ANNAPOLIS – The Maryland Court of Special Appeals upheld the conviction Wednesday of a Gaithersburg man who sexually abused his two stepdaughters repeatedly over a period of five years.
The court rejected Donald Wayne Alexander’s claim that police coerced him into confessing that he abused the girls from 1991 to 1996 — abuse that he later denied on the stand.
A three-judge panel of the court ruled that Alexander was “mentally capable” when he made the statement and that police detectives who interviewed him repeatedly said he could leave at any time.
Alexander was convicted April 9, 1997, in Montgomery County Circuit Court of five counts of third-degree sexual offense, four counts of second-degree rape and two counts of child abuse. He received concurrent sentences ranging from 10 to 20 years in jail.
His wife and her two daughters had gone to police on Sept. 25, 1996, to report that Alexander had abused the girls, beginning in fifth or sixth grade.
Montgomery County Police Detective Sally Magee approached him the next day as he was walking his dog and asked him to come to the police station to answer a few questions, which he did.
Magee testified that she told Alexander he was not in custody and could leave the station at anytime, showing him the exit and allowing him three breaks in the 90-minute interview to smoke or go to the bathroom.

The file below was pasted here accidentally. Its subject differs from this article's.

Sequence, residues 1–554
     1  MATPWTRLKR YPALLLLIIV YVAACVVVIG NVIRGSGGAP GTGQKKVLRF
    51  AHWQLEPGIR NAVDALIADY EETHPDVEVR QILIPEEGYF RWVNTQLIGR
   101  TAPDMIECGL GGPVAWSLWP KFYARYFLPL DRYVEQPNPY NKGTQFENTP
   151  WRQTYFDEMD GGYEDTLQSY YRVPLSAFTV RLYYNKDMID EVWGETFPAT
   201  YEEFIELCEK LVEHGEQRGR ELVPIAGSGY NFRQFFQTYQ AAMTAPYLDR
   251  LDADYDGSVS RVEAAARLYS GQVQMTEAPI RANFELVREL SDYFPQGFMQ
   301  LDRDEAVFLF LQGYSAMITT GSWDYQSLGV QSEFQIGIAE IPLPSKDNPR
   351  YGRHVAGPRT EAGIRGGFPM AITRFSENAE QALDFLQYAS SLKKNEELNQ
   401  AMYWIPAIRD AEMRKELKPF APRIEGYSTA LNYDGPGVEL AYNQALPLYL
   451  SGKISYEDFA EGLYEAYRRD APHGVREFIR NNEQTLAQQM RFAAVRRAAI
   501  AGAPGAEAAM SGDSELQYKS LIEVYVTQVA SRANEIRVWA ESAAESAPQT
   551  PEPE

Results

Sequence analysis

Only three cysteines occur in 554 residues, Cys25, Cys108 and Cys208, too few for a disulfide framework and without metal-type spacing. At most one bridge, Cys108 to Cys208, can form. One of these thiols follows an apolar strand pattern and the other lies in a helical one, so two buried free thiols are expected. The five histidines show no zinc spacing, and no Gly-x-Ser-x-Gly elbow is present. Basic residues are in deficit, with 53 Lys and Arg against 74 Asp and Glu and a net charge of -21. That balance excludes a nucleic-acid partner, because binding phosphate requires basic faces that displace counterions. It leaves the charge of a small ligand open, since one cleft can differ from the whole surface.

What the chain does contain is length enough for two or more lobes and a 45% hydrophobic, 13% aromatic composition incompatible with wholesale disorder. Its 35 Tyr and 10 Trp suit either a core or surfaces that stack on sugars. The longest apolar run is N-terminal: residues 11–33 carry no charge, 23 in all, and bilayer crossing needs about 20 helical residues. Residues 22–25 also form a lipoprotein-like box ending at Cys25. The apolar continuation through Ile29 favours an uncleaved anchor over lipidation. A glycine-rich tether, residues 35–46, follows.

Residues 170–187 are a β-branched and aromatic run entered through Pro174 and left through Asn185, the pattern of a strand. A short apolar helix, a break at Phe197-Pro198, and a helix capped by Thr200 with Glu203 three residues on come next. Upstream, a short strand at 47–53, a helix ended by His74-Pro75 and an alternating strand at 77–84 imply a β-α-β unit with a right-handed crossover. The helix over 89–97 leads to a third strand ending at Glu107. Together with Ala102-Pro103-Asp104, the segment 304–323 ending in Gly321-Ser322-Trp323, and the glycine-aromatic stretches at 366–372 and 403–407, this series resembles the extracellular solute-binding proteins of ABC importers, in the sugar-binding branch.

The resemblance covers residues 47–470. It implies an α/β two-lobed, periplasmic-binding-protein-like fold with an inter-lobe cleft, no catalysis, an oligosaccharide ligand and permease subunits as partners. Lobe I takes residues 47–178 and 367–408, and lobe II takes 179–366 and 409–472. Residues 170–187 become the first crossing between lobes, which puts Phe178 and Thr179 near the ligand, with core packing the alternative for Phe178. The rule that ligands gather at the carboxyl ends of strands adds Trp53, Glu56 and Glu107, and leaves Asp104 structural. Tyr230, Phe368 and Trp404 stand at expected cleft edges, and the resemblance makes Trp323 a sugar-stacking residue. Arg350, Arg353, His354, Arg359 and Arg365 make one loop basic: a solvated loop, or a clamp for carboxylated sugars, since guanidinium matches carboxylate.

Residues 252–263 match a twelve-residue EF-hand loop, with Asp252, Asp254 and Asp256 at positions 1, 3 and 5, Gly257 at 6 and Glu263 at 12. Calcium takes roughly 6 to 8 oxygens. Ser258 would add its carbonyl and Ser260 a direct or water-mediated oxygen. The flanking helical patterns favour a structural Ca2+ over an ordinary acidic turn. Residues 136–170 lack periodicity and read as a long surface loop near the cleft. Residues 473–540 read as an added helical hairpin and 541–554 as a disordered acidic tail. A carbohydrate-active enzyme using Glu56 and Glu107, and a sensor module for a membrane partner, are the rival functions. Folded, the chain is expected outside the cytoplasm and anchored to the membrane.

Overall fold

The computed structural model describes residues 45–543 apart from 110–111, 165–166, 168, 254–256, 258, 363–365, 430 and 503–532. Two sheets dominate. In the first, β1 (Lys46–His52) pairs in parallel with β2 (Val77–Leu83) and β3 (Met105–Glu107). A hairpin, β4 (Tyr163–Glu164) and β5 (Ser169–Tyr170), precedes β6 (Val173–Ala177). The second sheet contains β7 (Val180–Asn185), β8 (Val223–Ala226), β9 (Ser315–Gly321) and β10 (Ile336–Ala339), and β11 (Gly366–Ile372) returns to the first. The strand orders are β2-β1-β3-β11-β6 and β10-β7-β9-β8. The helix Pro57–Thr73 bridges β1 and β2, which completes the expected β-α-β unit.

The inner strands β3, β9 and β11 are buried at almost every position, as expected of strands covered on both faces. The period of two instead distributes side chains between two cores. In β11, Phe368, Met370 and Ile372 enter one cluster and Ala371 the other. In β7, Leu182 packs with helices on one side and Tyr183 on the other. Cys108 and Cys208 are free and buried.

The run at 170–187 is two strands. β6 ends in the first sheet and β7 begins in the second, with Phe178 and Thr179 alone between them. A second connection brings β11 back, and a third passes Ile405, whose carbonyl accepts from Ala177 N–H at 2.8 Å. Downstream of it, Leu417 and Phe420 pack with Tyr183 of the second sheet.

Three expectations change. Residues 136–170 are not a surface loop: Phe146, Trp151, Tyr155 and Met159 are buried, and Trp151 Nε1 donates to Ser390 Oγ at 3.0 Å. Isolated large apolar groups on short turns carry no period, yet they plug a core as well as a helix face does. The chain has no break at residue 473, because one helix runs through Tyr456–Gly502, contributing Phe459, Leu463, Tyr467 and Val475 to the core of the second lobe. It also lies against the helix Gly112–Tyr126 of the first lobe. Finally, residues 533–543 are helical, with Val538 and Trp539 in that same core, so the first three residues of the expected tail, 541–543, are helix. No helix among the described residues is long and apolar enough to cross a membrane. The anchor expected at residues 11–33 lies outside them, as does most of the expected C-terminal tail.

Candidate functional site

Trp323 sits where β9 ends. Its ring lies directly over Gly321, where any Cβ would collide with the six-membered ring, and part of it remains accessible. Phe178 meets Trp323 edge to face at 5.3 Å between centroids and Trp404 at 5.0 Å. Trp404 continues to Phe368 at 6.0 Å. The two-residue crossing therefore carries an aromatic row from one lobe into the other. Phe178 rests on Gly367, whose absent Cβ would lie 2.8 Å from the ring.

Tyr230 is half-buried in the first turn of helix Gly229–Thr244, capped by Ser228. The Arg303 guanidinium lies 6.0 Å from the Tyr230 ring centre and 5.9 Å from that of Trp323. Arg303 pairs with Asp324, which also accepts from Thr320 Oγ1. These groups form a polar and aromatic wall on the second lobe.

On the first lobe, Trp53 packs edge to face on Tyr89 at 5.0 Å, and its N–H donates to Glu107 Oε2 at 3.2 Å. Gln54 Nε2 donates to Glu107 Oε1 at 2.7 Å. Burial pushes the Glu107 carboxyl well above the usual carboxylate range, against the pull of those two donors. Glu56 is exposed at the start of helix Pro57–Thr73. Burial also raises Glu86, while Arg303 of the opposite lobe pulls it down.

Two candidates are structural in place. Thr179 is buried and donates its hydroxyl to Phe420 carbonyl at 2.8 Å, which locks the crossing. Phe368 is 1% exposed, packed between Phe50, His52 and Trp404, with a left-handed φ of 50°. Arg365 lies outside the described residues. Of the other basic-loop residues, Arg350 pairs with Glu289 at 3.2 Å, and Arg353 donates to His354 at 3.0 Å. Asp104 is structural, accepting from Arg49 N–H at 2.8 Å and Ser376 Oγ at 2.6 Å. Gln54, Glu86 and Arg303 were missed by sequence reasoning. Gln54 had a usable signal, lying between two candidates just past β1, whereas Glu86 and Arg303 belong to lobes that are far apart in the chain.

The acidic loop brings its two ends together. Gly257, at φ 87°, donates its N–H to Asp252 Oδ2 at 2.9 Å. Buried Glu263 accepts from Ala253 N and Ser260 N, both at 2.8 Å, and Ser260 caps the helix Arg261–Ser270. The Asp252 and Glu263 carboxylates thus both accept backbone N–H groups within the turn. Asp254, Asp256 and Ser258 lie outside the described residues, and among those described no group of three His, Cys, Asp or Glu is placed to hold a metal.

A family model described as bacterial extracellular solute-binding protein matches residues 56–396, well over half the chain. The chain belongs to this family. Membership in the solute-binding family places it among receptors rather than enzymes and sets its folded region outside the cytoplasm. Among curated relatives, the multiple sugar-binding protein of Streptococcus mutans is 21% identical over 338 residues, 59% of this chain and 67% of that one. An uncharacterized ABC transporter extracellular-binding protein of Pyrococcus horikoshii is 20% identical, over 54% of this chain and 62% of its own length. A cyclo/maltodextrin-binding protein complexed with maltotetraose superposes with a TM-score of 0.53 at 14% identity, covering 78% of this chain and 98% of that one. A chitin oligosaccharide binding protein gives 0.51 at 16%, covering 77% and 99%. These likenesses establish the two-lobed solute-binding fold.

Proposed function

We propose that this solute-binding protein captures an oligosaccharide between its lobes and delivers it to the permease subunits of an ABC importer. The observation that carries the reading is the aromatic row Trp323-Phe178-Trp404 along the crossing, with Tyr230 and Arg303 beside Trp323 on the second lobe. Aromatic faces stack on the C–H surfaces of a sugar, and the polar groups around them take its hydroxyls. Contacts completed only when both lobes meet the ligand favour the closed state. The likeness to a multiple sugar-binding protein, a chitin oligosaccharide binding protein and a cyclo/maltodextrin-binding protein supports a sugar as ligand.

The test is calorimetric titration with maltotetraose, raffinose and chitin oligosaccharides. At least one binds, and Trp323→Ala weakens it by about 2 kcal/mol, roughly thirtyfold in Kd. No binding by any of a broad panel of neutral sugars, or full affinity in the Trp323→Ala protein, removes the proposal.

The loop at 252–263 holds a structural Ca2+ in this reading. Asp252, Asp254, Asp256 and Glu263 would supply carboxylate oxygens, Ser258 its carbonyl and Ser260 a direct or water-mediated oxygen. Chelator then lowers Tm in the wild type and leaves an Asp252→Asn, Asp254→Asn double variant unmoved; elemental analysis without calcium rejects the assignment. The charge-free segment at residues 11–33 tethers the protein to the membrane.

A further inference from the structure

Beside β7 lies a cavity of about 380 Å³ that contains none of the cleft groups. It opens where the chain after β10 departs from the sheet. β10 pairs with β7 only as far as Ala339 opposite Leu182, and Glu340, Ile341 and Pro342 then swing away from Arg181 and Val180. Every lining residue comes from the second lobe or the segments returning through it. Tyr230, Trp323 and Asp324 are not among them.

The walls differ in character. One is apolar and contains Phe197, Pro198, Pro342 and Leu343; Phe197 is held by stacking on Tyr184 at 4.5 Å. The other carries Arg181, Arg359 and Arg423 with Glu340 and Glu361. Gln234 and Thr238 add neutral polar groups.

When Magee told Alexander that the two girls were “hurting” and, “it would be helpful to them if he would talk about what happened,” he started to cry. He admitted having intercourse with one child, according to court documents, but denied any sexual relations with the younger one.
That statement was videotaped and watched by Detective Richard Klocko. When Alexander returned to the station the next day, Klocko read him his Miranda rights before telling him, “We need you to tell us what happened so we can put this behind us and move on.”
Alexander told Klocko he had sex with one of the girls and fondled the other, according to court records. Klocko wrote down Alexander’s statement and gave it to him to read over.
Alexander took the statement outside and smoked a cigarette before returning to sign it. He added a Z-shaped mark at the end so that nothing could be added to it, telling officers that was the procedure he used in his job as a security guard.
When he got the signed confession, Klocko arrested Alexander.
Klocko testified that he engaged in a technique known as “minimizing,” where the interrogator tries to portray a suspect’s actions as less serious than they really are. He acknowledged that he had not told Alexander before coming to the police station that he would be arrested.
Alexander testified in court that he never sexually abused either girl and said the statement to Klocko was made after he had taken Valium and drank several beers. “Nothing was real,” he testified.
He said he cooperated because Klocko said he could go home if he did.
“Well, once he told me, you know, that I was hurting the children and that I needed to tell him what he wanted to hear,” Alexander said. “He didn’t say tell me the truth — we done tried that. He said tell me what I want to hear.”
But the appeals court said Circuit Judge William P. Turner acted correctly when he allowed the statement to be used in court. It also said that Alexander knew what he was saying when he confessed.
The public defender representing Alexander could not be reached Wednesday to see if he would appeal the ruling.